Pennsylvania Plastics Processing Co., a Tionesta, Pa., start-up firm, processes bales of high density polyethylene and recycles bumpers from automobiles, shreds from wire strippings and large parts from rotational molding. The company began operation in May with about 10 employees, and plans to add 10-20 more when it goes to 24-hour production. Pennsylvania Plastics is leasing-to-own 58,000 square feet of space in a publicly owned building.
``This area, geographically, was convenient because there is a lot of plastic processing and recycling in the region,'' said President Barry Gibbs.
Although Pennsylvania Plastics has two plastic lumber extrusion lines, they are not operational. The firm grinds HDPE and sells the flake to plastic lumber companies. The flake is mixed with wood fiber.
Pennsylvania Plastics also has a 6-inch extruder that can repelletize 2,000-3,000 pounds an hour. It also has the capacity to compound.
The pellets are sold mainly to plastic lumber companies and to brokers.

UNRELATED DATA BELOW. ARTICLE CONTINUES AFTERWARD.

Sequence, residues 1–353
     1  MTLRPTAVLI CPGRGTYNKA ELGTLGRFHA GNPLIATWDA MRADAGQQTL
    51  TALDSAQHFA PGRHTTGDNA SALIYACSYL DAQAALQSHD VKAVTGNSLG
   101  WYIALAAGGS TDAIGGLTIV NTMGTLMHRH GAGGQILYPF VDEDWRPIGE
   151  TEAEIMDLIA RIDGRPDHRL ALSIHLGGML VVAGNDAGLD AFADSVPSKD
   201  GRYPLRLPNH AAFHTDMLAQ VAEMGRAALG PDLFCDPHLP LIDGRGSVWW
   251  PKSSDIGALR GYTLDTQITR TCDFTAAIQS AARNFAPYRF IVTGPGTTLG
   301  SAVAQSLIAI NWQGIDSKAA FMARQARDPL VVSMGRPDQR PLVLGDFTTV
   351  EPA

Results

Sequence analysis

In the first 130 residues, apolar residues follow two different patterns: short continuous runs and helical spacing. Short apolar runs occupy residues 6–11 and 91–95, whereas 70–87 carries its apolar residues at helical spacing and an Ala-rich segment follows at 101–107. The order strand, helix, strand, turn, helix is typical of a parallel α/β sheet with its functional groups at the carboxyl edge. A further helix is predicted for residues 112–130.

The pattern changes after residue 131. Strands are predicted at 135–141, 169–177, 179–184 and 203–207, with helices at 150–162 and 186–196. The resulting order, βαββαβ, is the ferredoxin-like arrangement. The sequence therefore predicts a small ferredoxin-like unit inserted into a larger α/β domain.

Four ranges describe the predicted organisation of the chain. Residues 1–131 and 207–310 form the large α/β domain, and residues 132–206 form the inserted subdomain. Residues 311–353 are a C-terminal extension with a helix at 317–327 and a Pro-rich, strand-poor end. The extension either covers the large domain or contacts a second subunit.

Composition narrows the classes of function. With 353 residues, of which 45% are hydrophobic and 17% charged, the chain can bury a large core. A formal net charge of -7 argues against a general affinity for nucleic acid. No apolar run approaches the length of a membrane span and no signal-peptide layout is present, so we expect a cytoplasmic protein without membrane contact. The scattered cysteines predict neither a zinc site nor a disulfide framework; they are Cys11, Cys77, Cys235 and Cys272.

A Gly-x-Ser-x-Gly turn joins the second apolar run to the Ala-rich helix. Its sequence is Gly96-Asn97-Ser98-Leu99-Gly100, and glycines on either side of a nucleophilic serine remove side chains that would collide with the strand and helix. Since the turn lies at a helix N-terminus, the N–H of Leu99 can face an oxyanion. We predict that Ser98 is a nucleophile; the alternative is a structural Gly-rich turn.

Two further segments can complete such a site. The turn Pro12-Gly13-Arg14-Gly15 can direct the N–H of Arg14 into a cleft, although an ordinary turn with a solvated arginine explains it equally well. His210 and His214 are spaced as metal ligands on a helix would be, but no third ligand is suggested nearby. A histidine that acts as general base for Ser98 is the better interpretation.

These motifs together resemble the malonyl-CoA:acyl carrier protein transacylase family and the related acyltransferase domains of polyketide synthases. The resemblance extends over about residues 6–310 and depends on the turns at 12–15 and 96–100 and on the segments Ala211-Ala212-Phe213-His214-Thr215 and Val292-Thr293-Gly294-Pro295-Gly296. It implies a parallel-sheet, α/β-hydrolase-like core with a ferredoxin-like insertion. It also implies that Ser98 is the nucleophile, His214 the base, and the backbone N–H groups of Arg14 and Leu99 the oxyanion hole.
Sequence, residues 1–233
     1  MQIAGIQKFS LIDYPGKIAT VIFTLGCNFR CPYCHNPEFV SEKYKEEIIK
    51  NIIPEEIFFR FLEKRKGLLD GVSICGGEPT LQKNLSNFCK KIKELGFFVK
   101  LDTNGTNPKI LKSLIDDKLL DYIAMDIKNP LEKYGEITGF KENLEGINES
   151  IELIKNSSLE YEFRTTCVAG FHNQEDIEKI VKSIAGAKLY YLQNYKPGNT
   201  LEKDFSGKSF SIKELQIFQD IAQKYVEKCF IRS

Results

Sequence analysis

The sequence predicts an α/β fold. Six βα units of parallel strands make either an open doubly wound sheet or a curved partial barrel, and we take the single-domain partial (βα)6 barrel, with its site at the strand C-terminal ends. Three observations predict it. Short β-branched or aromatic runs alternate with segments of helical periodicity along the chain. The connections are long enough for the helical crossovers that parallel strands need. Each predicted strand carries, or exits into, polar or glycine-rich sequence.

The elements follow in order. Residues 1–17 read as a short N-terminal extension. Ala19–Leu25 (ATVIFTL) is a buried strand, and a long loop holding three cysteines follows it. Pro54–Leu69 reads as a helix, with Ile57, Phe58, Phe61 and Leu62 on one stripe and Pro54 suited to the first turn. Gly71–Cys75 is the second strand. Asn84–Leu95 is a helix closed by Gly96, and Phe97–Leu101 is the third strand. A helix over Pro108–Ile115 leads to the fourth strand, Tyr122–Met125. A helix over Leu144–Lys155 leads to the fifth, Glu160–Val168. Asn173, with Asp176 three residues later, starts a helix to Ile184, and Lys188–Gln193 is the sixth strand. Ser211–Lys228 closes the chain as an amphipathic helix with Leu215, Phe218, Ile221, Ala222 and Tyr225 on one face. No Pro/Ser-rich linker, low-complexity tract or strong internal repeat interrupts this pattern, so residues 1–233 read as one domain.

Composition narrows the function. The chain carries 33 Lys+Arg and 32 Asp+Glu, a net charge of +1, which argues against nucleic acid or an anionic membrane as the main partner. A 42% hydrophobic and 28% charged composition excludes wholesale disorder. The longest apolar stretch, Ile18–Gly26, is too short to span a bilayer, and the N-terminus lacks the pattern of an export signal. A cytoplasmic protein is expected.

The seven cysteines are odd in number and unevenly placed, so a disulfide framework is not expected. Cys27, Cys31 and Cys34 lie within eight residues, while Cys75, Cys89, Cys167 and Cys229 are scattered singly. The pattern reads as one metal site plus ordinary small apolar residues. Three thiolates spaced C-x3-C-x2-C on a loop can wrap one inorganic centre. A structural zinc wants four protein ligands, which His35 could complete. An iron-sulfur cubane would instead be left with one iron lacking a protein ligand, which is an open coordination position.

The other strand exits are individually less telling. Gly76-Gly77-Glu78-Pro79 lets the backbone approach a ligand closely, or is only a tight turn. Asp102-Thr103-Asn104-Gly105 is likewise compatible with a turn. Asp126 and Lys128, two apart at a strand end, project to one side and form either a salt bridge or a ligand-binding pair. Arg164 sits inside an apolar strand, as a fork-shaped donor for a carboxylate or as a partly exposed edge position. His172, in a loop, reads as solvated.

Gibbs credits a competitor, Mobil Chemical Co., with opening up the market for plastic lumber, through heavy advertising. Mobil recently sold the unit to a group of division managers.
``People are becoming more aware of the legitimate use for composite lumber for exterior applications,'' he said. ``There's a tremendous future when the reliability becomes understood by the public.
``The plastic lumber industry has to give the customers what they want,'' he said. ``This includes malleability, skid resistance and paintability.''
The firm has the capability to recycle PET, but Gibbs doesn't expect the market to be conducive to recycling for another couple of years.
``In order to develop a market for PET bottles, government regulation is necessary,'' he said. ``It has to be profitable; that's why I'm in business and that's the only way it'll work.
``As time goes on, I think the opportunity to recycle will improve in communities and nationally.''